The easy-to-slurp and chewy Japanese udon is simple yet deep in its nature – one of the Japanese dishes that attracts people all over the world. The three greatest udon brands in Japan are Sanuki udon of Kagawa Prefecture, Kishimen of Nagoya and the Inaniwa udon we will discuss here.
Inaniwa udon are made in the Inaniwa area of Inakawa machi, Akita prefecture. They are hand-stretched, dried udon that slightly thinner than regular udon yet a bit thicker than somen or hiyamugi noodles, and are cream colored. The udon is kneaded on a starchy-floured board and flattened before drying, and perhaps the most important part of the making process is the repeated hand-kneading that follows. The noodles get kneaded and gradually shaped into their final form, and are then ready to be aged for a while. The aged udon are then kneaded again and again by hand so that they take in as many air bubbles as possible. Because of these air bubbles, udon can be kept for hours even after they are boiled, according to studies done by the Akita Research Institute of Food and Brewing. The air bubbles are also believed to make the udon chewy as well.
The history of Inaniwa udon goes back to the beginning of the Edo era, in the early 17th century. There was a man named Sato Ichibee living in the nearby area, and he was making different kinds of noodles such as dried udon, using the local high quality flour. His udon was popular for its highly elegant taste. His techniques were passed on from generation to generation, and as a result of further improvements, udon even became a tribute to domain lords. It is said that the current production process was established around 1665.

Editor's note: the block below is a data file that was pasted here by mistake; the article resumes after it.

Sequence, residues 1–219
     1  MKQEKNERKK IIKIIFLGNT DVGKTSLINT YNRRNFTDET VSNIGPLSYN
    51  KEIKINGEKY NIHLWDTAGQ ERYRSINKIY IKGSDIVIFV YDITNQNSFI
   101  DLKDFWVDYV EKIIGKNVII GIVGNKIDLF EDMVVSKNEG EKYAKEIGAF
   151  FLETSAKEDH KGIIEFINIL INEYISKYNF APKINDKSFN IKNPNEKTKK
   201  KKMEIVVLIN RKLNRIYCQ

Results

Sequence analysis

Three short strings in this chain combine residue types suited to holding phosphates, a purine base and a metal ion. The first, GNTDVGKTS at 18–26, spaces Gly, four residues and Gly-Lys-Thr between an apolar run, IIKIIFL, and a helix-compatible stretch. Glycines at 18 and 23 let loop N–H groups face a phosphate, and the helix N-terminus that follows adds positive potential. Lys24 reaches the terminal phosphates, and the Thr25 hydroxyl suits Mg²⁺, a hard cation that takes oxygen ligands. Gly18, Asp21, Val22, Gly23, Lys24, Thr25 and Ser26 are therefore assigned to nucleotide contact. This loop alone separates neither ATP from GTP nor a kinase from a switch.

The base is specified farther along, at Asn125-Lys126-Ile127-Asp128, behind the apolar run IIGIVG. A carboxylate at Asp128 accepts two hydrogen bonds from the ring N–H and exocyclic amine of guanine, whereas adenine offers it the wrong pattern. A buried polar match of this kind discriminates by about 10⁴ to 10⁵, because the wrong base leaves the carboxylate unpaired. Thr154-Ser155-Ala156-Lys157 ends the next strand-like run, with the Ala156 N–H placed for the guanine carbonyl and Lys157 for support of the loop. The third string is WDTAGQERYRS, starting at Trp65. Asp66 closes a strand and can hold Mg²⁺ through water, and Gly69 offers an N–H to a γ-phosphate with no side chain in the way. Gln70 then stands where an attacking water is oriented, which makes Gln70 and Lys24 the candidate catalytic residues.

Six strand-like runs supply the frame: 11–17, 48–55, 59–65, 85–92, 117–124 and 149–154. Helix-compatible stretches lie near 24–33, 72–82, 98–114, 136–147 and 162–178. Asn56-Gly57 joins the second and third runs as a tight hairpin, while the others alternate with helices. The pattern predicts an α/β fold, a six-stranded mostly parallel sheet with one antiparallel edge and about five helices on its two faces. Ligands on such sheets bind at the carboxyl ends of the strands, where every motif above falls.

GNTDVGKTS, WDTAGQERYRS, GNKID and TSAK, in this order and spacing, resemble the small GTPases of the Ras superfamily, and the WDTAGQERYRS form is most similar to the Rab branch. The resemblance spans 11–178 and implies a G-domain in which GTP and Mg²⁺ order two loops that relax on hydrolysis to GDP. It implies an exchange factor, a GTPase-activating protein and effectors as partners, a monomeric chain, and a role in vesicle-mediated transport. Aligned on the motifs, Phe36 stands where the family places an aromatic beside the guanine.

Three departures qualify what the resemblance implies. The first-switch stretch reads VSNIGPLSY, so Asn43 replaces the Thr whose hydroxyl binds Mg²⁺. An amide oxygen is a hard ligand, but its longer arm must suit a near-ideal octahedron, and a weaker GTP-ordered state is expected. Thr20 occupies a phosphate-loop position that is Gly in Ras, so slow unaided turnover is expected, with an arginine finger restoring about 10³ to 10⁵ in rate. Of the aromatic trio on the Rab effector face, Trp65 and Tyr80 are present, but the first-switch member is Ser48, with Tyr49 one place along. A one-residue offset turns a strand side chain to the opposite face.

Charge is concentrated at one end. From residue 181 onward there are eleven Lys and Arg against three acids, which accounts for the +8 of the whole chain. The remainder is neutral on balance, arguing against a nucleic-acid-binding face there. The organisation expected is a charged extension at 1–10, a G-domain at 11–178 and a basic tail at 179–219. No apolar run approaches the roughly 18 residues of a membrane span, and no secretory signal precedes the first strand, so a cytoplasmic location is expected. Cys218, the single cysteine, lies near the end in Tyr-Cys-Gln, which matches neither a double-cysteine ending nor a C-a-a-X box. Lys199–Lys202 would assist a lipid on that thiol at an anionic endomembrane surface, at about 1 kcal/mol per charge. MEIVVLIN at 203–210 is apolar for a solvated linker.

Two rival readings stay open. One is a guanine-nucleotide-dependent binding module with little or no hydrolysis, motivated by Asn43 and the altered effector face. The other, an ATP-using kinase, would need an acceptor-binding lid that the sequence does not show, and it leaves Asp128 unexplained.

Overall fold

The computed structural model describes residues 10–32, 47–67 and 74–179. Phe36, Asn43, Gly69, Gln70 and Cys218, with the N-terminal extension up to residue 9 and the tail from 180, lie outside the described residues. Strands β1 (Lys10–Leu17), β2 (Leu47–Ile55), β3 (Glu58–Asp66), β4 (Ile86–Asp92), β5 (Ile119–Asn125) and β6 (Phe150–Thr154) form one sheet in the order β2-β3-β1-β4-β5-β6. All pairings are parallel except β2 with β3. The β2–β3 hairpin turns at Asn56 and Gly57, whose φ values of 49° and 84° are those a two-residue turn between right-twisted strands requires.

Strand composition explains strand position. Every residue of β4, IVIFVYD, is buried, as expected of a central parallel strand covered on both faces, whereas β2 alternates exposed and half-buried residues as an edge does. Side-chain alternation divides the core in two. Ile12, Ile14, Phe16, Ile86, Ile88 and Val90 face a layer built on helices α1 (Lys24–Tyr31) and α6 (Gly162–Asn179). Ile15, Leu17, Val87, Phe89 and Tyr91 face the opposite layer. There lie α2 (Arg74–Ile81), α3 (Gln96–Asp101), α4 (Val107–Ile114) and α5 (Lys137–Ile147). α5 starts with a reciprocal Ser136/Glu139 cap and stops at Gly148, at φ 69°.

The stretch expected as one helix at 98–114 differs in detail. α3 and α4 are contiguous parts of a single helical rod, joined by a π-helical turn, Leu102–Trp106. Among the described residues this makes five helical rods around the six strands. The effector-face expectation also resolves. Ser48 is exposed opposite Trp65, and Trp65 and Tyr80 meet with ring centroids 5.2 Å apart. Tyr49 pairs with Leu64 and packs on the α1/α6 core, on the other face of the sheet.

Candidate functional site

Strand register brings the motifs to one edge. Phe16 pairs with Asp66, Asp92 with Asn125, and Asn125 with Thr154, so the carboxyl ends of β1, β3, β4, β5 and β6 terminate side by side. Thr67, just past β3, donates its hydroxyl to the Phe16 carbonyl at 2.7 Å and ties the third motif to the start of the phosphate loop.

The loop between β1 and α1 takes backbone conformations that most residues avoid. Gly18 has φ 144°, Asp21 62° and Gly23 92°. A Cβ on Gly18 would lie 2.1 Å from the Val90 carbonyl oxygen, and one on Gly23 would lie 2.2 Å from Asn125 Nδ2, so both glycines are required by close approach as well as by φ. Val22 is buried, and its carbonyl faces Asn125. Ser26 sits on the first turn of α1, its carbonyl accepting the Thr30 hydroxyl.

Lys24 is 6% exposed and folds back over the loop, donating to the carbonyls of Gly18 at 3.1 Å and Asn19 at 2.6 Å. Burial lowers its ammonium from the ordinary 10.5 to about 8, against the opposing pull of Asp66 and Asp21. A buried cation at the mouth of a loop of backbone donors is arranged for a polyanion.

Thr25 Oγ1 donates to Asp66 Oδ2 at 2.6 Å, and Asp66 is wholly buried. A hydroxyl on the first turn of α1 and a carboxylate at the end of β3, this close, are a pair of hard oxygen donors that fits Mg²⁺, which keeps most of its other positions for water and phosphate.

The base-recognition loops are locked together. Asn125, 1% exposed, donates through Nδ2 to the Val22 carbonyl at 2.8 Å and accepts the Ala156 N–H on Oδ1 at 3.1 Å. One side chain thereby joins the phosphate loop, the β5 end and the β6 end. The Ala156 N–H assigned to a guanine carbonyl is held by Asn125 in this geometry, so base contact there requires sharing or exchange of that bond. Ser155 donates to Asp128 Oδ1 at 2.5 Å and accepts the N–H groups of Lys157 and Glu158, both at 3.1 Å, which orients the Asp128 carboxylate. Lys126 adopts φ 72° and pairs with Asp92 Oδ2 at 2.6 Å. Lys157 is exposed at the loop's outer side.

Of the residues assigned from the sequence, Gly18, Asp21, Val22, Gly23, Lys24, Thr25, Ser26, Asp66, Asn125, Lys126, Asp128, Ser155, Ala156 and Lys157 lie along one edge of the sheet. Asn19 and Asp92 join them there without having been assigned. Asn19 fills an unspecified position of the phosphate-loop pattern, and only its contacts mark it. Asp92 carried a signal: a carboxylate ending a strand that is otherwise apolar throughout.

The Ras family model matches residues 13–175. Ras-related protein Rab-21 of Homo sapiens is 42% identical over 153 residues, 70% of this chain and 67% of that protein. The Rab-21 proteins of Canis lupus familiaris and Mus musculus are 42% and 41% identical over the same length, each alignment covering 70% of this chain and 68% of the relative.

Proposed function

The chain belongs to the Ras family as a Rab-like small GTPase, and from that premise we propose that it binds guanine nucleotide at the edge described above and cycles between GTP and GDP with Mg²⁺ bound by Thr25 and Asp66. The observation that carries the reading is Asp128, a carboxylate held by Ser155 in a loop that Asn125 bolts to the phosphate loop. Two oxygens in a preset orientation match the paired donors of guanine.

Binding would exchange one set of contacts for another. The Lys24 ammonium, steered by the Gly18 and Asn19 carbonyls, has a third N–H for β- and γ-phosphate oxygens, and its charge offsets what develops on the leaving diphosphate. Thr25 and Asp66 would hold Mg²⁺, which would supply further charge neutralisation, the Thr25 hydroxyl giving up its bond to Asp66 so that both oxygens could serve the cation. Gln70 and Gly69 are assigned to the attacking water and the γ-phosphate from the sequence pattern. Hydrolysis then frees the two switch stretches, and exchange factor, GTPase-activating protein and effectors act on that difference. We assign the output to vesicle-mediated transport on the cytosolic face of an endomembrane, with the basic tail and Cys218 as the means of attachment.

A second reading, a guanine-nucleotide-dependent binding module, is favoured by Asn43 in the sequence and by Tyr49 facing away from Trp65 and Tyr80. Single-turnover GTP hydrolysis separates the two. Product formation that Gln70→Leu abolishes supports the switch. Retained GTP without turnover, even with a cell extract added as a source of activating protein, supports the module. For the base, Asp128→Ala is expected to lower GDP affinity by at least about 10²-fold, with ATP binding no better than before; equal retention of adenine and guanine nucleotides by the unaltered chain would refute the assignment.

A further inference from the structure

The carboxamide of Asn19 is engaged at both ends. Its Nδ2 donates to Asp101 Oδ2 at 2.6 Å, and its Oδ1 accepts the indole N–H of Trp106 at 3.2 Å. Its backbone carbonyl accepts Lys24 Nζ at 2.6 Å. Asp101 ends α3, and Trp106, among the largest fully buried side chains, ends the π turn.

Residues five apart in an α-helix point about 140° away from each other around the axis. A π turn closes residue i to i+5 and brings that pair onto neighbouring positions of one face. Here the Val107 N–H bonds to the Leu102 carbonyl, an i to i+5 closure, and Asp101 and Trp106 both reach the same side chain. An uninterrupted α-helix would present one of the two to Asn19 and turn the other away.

The production of Inaniwa udon requires careful selection of ingredients and human effort, so they cannot be made in large quantities. Because of that, the majority of people did not have a chance to eat them back in the old days. In fact, it was only after the Meiji era that udon became known as the local specialty of Akita prefecture. Their name spread after they were offered as a gift to the Imperial Household Agency and won awards at various expositions. In 2007, Inaniwa udon was chosen as one of Japan’s 100 Best Local Dishes of Rural Areas by the Ministry of Agriculture, Forestry and Fisheries.
Inaniwa udon used to be a food for a few select people, but thanks to modern production techniques and its delicate taste, it is now enjoyed by many at home.
Photo by Sato Yoske Ltd.
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